Nonverbal Communication Facts

What you don’t say is sometimes just as important as what you say. Nonverbal communication, or body language, speaks volumes without uttering a word. Nonverbal communication can serve to repeat or contradict a verbal message. Sometimes gestures are used to accent or reinforce spoken words. At other times, a nonverbal message--such as the look in someone’s eyes--actually acts as a substitute for language.

Facial Expression

Your face can express a myriad of emotions and can readily be understood by anyone, even someone who does not speak your language. Unlike gestures, which may vary from culture to culture, facial expressions such as happiness, sadness and fear are universal, according to


Although some people gesture more freely and expressively than others, most people would find talking without gesturing at all to be difficult. Gesturing is useful not only to help your listener understand, but you may find that hand movements actually help you express yourself verbally. Gestures vary from culture to culture, and a hand movement commonly used in one country may be considered inappropriate or offensive in another, according to Andrews University.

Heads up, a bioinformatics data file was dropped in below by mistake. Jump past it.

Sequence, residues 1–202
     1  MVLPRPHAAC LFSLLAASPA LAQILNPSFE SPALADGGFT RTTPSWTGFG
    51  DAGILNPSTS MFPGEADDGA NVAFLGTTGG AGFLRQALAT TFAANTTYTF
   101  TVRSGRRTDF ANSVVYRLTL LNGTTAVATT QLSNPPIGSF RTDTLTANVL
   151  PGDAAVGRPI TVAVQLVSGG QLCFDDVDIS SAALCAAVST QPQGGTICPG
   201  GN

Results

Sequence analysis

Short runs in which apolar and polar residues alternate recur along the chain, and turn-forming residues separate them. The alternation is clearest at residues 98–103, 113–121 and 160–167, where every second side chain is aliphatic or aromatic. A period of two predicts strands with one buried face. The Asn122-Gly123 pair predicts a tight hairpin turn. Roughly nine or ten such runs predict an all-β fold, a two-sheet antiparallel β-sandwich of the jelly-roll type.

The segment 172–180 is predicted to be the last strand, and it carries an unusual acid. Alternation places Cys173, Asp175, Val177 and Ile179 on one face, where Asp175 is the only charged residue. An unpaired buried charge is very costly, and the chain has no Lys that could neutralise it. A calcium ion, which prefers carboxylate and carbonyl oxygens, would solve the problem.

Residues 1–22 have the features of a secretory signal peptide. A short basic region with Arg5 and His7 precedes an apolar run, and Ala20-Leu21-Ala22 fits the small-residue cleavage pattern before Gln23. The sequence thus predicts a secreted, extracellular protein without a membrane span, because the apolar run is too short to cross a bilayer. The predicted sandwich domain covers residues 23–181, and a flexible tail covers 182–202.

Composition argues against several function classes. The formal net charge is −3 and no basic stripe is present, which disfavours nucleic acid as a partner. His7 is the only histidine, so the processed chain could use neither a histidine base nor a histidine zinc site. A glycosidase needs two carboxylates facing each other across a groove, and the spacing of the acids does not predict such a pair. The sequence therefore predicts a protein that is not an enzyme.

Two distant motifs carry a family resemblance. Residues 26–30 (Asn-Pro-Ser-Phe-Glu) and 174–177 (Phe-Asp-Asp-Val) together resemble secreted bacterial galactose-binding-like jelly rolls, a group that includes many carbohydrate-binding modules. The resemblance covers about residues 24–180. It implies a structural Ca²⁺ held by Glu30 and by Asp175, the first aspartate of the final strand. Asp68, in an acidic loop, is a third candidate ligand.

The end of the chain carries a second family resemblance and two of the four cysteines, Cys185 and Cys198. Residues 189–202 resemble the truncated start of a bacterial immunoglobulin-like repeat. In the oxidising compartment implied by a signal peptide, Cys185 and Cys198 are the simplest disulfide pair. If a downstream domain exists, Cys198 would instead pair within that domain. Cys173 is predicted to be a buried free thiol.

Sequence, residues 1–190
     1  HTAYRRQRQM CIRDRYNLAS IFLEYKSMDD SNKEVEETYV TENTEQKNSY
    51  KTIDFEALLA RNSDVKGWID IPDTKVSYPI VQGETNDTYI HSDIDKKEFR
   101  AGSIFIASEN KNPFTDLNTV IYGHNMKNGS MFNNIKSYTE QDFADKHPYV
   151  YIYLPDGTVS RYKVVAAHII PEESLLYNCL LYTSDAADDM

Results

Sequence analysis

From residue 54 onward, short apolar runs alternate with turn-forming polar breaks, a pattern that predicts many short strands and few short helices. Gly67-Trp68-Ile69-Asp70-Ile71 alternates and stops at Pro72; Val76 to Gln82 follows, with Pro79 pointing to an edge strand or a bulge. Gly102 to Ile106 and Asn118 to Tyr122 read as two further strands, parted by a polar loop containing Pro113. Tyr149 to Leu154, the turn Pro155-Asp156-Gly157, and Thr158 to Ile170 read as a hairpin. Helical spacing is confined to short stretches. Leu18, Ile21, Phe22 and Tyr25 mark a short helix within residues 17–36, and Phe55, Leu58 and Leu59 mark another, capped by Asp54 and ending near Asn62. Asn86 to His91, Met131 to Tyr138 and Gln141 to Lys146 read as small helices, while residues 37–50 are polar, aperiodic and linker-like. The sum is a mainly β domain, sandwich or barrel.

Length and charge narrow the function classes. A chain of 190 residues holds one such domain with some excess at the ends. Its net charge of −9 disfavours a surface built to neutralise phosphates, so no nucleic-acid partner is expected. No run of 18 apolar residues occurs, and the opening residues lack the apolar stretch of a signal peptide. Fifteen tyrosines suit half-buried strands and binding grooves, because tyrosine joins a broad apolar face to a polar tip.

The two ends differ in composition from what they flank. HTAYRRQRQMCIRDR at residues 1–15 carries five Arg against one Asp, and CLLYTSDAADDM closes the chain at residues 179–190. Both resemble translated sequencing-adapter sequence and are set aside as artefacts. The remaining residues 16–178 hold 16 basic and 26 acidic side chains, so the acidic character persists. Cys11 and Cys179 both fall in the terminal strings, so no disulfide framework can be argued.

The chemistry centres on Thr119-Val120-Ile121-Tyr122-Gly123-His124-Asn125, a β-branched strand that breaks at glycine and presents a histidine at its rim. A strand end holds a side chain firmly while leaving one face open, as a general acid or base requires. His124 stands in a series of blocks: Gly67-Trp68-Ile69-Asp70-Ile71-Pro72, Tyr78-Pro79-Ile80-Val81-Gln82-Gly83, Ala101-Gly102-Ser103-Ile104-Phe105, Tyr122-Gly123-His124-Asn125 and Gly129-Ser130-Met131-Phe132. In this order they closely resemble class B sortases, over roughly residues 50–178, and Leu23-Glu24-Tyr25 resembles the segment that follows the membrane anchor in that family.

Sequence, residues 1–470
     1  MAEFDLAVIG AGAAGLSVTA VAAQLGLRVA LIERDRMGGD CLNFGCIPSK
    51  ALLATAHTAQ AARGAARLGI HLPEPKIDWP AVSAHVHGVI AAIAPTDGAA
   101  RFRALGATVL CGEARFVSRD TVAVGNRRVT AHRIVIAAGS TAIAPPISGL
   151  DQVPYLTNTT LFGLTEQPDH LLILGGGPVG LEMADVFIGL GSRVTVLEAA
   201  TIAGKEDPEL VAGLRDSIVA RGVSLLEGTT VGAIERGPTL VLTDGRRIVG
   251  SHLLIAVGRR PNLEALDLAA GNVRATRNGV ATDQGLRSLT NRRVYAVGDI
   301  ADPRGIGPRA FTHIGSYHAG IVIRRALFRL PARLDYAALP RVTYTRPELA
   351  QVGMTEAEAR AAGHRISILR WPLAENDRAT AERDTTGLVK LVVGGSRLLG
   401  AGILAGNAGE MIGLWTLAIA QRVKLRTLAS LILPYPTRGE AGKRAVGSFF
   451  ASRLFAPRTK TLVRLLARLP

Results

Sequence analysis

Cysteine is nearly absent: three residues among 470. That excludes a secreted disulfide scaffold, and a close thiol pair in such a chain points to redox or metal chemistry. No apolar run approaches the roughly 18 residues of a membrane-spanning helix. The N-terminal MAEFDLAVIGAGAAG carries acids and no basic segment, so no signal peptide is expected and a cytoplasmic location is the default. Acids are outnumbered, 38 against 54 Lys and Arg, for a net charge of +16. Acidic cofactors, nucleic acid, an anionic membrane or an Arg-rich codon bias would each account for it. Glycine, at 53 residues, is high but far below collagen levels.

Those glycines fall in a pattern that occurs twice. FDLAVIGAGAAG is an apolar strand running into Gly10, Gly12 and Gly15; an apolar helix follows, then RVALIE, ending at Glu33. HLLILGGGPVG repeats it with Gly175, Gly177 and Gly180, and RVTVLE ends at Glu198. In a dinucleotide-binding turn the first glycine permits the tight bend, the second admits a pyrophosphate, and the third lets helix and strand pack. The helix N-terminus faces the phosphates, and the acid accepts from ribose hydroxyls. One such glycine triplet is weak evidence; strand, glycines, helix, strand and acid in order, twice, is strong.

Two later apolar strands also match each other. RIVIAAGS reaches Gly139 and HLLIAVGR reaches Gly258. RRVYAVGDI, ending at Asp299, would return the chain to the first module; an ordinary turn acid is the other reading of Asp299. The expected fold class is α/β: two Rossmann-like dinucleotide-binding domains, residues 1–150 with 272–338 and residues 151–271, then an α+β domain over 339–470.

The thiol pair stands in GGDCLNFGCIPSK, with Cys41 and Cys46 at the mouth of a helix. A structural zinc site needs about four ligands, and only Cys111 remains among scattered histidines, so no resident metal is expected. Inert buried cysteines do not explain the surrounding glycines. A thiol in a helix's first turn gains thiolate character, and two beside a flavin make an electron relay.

The posture of both the speaker and the listener convey a message to the same degree as the words being spoken. The way you sit or stand shows others whether you are interested or bored, attentive or distracted. Sitting or standing with erect posture and facing a person when you speak or listen shows that you are receptive. Behaviors such as slouching, looking the other way or staring at the ceiling can be interpreted as rude and disrespectful. Leaning away from someone indicates a negative attitude, according to Stockton College.


No matter what you are saying verbally, your eyes show how you truly feel. People tend to look at the people to whom they are speaking or listening, and your eyes can give away your feelings of attraction, boredom, hostility, affection or disgust. Eye contact is an important part of back-and-forth talk. People engaged in conversation use eye contact to pace their speech and measure how the other person is responding.


Touch can carry a great deal of information. Touch, such as a tap on the shoulder, can serve to simply get someone’s attention. Certain kinds of touch can convey positive emotions--such as an affectionate pat on the arm, a friendly slap on the back or a warm hug. But touch is not always welcome, such as an controlling grip on the arm or an inappropriate sexual advance.


The amount of space between two people is also a form of nonverbal communication and often depends on the degree of intimacy or comfort between them. People who stand too close when speaking to you, particularly if you do not know them well, can make you feel uncomfortable. Space or the lack of it can convey either affection or aggression.